Tuesday, January 28, 2014

Trashness - In-Person Review

Be proud, this post was done without my personal computer whatsoever. Also, keep that in mind if critiquing any formatting and/or spelling errors.

I had seen shirts by a brand called Trashness popping up here and there on the internet at pretty awesome prices, and ended up suggesting that you all check them out in one of my 'Deals and Steals' posts. I also commented that I hadn't seen a ton of reviews around the web, and a few weeks later, Trashness shot me an e-mail to see if I'd like to help fill that void, so here we go!

The Brand:

As has become tradition, first we'll give the folks from Trashness the chance to tell us about their brand and plug themselves a little bit. I spoke with Amin Eftegarie, co-founder, via e-mail. Here's what he had to share:

"We're based in the Netherlands, in a small town called Nieuw-Vennep (suburbs of Amsterdam). The rent is low here. The Dutch are known for trying to save money in every situation you can think of. That state of mind helped us to cut costs. And as you noticed we offer free worldwide shipping on all products, so 99% of our orders are outside NL. (our top destinations: USA, Italy, UK, Japan etc). We care a little less about our profit margins, and a little more about getting students across the world the style and quality of clothing we wished some company was offering when we were broke students. 

We've been around since 12-12-12. At least officially, on this date we registered Trashness at the Dutch chamber of commerce. But my co-founder Maarten and I were obsessing about menswear long before that. We often discussed what other brands were doing. And sometimes we wondered why they were doing it (in such a way). Why aren't they doing it another, to us more rational/gratifying way? We went on a journey which ended with the establishment of Trashness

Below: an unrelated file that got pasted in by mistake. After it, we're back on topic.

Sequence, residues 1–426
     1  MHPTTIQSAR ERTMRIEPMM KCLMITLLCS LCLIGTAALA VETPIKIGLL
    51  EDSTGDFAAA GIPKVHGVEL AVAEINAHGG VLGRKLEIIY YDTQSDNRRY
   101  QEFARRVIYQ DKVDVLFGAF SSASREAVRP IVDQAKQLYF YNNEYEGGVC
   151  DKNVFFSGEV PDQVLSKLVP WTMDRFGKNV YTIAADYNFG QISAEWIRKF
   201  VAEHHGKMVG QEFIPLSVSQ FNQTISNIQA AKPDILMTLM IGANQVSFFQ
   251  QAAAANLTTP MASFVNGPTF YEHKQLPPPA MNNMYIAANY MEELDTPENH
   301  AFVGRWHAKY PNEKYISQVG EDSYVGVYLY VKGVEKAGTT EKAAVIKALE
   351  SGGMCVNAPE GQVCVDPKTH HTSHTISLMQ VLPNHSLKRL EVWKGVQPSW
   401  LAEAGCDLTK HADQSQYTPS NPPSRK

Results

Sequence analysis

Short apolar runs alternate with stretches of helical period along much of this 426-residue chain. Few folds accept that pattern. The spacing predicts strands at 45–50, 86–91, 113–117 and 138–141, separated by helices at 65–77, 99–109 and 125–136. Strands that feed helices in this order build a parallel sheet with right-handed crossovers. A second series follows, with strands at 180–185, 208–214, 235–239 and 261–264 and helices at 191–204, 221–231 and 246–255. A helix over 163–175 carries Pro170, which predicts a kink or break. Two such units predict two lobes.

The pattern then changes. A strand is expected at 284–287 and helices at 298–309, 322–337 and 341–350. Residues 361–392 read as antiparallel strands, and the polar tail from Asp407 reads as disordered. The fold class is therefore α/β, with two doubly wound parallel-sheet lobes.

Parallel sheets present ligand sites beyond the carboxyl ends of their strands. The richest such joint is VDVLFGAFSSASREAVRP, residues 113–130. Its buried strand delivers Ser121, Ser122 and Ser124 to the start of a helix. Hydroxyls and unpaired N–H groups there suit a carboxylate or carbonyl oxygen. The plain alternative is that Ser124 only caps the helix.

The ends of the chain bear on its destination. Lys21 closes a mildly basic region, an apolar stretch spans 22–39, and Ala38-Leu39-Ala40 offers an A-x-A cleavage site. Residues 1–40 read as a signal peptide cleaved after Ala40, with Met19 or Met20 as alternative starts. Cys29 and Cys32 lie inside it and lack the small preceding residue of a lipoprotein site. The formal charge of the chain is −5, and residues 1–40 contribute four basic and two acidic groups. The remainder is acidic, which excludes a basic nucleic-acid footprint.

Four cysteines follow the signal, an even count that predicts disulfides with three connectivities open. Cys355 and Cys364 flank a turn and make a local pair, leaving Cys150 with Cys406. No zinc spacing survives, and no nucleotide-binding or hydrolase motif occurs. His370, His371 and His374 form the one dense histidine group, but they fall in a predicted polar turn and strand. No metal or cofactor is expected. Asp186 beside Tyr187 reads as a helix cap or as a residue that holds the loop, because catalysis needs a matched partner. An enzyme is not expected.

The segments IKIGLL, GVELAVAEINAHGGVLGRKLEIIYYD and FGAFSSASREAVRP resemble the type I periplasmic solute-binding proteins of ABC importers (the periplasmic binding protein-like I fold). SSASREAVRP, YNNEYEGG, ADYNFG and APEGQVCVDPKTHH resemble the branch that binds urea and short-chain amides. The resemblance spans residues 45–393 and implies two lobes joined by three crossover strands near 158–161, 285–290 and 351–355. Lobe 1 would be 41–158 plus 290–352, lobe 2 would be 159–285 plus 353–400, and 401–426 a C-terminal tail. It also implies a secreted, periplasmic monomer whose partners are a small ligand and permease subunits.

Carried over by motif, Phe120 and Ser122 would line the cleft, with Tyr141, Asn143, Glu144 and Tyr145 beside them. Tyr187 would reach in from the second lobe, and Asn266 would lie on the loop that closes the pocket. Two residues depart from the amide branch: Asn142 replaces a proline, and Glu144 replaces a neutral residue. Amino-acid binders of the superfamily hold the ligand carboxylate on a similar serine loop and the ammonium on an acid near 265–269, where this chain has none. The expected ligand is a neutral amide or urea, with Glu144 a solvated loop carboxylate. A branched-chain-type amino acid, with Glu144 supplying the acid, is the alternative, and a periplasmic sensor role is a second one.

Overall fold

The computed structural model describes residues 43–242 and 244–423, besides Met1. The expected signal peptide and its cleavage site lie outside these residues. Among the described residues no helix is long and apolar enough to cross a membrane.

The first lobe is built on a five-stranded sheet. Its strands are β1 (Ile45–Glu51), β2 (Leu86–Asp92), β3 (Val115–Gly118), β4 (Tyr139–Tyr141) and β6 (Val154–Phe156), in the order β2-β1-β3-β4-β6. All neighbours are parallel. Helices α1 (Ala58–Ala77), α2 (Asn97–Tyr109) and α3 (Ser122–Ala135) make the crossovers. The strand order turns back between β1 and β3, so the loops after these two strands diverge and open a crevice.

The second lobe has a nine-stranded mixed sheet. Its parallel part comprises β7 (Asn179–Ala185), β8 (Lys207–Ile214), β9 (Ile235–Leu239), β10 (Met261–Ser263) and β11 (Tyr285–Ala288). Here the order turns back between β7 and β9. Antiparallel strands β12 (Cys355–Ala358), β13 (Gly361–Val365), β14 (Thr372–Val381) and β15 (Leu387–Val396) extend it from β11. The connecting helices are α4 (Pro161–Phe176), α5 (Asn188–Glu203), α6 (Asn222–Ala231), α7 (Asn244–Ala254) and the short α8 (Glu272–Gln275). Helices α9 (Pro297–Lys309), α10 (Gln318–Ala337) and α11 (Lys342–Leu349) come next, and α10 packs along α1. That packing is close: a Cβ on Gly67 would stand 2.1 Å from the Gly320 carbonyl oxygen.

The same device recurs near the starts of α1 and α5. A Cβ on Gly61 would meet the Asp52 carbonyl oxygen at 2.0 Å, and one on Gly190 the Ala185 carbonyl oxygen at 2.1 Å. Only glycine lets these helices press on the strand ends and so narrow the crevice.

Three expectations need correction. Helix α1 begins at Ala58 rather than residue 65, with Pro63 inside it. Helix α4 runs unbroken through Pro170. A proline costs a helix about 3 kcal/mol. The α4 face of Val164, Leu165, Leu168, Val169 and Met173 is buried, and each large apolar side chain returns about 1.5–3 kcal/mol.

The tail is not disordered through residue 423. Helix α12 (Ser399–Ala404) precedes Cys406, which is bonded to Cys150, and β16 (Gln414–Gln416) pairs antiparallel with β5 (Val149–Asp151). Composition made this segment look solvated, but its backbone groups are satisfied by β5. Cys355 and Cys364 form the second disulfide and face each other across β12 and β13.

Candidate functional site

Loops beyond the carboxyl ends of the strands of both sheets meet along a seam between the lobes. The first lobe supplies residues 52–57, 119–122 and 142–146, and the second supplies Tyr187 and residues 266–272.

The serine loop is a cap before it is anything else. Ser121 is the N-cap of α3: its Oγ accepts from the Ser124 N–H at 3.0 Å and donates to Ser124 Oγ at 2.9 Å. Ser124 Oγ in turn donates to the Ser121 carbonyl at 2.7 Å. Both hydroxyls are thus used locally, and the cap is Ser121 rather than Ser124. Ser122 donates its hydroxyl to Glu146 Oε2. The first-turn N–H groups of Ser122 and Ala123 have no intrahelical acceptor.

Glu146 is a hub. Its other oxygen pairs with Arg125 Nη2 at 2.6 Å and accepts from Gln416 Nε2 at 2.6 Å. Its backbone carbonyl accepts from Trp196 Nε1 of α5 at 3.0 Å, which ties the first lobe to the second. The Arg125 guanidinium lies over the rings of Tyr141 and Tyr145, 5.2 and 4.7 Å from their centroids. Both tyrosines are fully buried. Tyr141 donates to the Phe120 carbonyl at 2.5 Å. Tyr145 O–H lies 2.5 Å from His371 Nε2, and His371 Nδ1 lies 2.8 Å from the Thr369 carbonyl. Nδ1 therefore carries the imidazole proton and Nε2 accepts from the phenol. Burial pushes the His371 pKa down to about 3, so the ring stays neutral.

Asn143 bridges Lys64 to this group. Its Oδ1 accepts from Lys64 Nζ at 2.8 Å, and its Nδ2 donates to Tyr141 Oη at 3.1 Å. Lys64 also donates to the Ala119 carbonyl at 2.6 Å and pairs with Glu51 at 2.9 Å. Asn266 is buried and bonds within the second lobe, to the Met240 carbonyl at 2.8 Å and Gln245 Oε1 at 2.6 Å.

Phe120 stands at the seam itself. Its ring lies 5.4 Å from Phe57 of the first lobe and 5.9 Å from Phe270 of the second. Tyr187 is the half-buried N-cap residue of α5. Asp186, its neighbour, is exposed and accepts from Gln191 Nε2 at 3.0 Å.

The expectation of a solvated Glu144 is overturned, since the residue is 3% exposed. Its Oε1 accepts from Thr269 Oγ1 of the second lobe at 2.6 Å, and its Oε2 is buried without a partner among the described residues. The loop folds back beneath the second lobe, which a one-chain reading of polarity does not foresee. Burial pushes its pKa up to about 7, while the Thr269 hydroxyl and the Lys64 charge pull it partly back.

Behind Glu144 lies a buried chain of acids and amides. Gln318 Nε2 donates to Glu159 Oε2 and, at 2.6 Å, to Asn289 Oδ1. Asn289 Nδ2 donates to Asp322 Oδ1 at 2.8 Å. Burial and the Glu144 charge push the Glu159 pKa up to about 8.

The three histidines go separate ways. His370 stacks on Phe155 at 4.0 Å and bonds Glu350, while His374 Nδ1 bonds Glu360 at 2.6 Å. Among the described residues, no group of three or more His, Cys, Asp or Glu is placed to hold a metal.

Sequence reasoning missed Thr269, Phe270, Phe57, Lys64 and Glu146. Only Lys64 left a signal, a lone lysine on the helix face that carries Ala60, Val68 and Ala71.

Perhaps all those company background stories might sound the same. The best communication we do, is trough the quality and branding of our products and the awesome custom service we give when something's not up to our standards."

I selected probably their most classically styled shirts, but they also have a lot of more aggressively styled options, including a wide selection of extreme cut-away collars (not quite my style, but if that's your thing, definitely take a look). They also offer accessories from ties to pocket squares to bracelets, and recently I saw a line of cotton cardigans pop up that looked mighty tempting.

The Shirts:

Trashness was kind enough to actually send me two shirts to try out. The fit on both shirts was pretty darn nice, for right off the rack. Trashness had actually cautioned me that their shirts run extra slim, and since I have yet to find a shirt that istoo slim for me, I was hoping this would be darn snug. It comes pretty close, there's still a bit of room, which is probably for the best, as most slim guys will probably have a few inches on me anyway. As it is, I don't think I will need to tailor it at all. Points! (Editors Note: Fit pictures will come, pending more cooperative outdoor lighting). 

The first shirt I picked was their white OCBD ($44 via the Trashness store).